The equivalent of 9.5% of your ordinary time earnings can mean different SG amounts depending on how, or if you negotiate a salary package, including whether you salary sacrifice. Read more
Read this article to discover what SuperGuide readers think about the Age Pension assets test changes, taking effect from 1 January 2017, and to find out what comment was awarded the inaugural SuperGuide Reader Comment of the Year. Read more
From 1 January 2017, the UPPER assets thresholds will be cut dramatically, which means more than 330,000 Australians will lose Age Pension entitlements. At the same time, the LOWER assets threshold will be raised which means an extra 50,000 Australians will receive the FULL Age Pension. Read more
New rules, introduced in December 2016, will impose a hefty super tax on super benefits when ‘working holiday makers’ leave the country, and apply for a Departing Australia Superannuation Payment. Read more
SUMMARY ARTICLES ON JULY 2017 CHANGES
With the removal of the tax exemption on the earnings of TRIPs from 1 July 2017, you can expect a TRIP will be less popular with older Australians. Read more
On 15 September 2016, Treasurer Scott Morrison and Minister for Revenue and Financial Services Kelly Dwyer issued a joint media release announcing that the proposed $500,000 lifetime cap on non-concessional contributions (which was to take retrospective effect from 3 May 2016) is now scrapped as a policy and will be replaced with an annual $100,000 cap, taking effect from 1 July 2017. Read more
Taking effect from 1 July 2017, the Coalition government has scrapped the $35,000 over-50s concessional (before-tax) cap and also cut the general concessional cap of $30,000. Read more
From 1 July 2018, if your superannuation account balance is less than $500,000 at the end of a financial year, then you will have the opportunity to utilise the unused portions of your concessional caps from previous years (up to 5 years’ worth) in the following financial year, or future years. Read more
From 1 July 2017, the 10% income test will be abolished, which means those employees with difficult employers, or individuals who are both employees and self-employed, or even those individuals who work part-time but generate more than 90% of their income from investments or other passive sources, will be able to make tax-deductible super contributions, subject to the annual concessional contributions cap. Read more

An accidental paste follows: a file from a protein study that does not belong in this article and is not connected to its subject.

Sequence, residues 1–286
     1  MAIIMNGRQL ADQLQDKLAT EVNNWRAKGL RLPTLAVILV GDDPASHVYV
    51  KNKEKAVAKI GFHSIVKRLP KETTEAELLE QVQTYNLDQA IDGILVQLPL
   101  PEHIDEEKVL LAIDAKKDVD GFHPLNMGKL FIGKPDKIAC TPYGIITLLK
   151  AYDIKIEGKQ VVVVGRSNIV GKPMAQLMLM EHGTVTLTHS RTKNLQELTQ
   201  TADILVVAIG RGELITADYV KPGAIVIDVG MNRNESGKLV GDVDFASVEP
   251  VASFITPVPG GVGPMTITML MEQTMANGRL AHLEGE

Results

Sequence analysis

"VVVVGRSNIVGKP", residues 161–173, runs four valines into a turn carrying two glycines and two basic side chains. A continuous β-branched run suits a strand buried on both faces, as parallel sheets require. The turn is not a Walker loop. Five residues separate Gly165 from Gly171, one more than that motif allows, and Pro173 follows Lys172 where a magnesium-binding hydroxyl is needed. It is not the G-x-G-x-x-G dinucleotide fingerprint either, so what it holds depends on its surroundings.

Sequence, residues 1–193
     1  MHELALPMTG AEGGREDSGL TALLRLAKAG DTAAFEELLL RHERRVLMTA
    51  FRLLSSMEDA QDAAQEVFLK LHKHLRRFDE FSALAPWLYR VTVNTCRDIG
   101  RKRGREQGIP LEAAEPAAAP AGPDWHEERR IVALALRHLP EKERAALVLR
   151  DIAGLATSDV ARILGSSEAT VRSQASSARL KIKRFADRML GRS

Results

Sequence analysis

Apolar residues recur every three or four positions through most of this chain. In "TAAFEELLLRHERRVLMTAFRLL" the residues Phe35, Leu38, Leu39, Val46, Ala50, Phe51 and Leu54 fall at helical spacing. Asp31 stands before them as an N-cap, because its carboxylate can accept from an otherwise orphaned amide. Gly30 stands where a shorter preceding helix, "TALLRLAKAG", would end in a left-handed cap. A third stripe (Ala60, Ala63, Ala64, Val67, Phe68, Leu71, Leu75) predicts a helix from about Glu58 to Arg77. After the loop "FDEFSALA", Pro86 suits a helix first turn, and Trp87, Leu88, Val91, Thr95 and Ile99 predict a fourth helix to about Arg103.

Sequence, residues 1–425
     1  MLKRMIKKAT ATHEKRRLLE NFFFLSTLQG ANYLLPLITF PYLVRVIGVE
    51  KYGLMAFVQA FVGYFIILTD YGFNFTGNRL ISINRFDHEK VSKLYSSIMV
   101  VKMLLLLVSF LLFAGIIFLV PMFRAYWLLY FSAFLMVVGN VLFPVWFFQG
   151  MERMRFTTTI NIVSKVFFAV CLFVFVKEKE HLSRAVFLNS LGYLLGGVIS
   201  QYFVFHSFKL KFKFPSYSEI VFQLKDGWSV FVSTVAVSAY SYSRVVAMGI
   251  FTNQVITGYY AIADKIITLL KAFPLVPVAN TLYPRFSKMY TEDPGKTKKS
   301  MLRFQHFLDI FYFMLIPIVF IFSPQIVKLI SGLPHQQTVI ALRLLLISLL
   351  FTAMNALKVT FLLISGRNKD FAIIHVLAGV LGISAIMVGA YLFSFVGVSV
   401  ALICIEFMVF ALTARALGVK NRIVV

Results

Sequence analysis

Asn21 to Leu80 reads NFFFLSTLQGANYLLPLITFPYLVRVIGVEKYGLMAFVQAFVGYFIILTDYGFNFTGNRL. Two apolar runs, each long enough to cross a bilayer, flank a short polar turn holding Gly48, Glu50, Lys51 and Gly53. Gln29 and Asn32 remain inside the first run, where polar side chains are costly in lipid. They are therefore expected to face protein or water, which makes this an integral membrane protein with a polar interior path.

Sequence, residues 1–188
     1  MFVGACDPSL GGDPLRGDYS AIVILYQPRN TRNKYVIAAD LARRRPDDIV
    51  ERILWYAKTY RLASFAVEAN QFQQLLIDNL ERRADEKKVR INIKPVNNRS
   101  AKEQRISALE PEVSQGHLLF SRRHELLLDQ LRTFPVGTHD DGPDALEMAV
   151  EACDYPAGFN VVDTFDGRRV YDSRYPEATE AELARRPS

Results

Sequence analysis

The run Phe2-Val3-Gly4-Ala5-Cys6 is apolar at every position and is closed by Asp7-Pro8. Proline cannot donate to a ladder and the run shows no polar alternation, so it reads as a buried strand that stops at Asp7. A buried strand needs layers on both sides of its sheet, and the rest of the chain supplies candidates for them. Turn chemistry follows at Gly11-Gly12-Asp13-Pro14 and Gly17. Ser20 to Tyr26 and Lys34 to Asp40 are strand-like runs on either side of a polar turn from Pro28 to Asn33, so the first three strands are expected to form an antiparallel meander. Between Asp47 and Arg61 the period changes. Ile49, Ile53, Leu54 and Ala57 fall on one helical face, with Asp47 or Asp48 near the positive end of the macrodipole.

Taking effect from 1 July 2017 (although if you have more than $1.6 million in super you will need to take action well before 1 July 2017), the Coalition has introduced “a $1.6 million superannuation transfer balance cap on the total amount of superannuation that an individual can transfer into retirement phase accounts.” The cap applies to “both current retirees and to individuals yet to enter their retirement phase”. Read more
We have received many questions from readers about how the new $1.6 million transfer balance cap will operate when a fund member dies, especially if the fund member has arranged for his or her spouse to receive a superannuation death benefit pension, including a reversionary pension. This article provides a brief outline of how such pensions are treated for the $1.6 million transfer balance cap when the widow or widower, or other dependant, starts receiving such a super pension. Read more
In a welcome backflip, as part of its 2016 Federal Budget release on 3 May 2016, the Coalition government announced it would extend the Low Income Super Contribution (LISC) beyond its legislated expiry date of June 2017. This extension is now law, and from July 2017, the LISC has been renamed the Low Income Superannuation Tax Offset (LISTO). Read more
Until 30 June 2017, anyone earning an ‘income for surcharge purposes’ of more than $300,000 pays an extra 15% tax (total of 30%) on concessional (before-tax) super contributions. From 1 July 2017, the income threshold for paying the extra 15% tax on concessional contributions will be lowered to $250,000. Read more
From 1 July 2017, a super fund will not be able to pay a refund of a member’s lifetime superannuation contributions tax payments into a deceased estate, and likewise the super fund will not be able to claim a tax deduction for this payment. Read more
UPDATED 2016/2017 CONTRIBUTIONS GUIDES
This article explains all of the important rules that apply to concessional (before-tax) super contributions for the 2016/2017 year, and for previous years. Read more
The current $180,000 after-tax cap, and the 3-year $540,000 bring-forward cap will remain in place until 30 June 2017 (that is, it continues to apply for the 2016/2017 year). Read this article to find out more. Read more
The federal government is giving away money to anyone who makes a non-concessional (after-tax) contribution to their super fund, and who earns less than $51,021 a year (for the 2016/2017 year). The tax-free giveaway is officially called the co-contribution scheme. Read more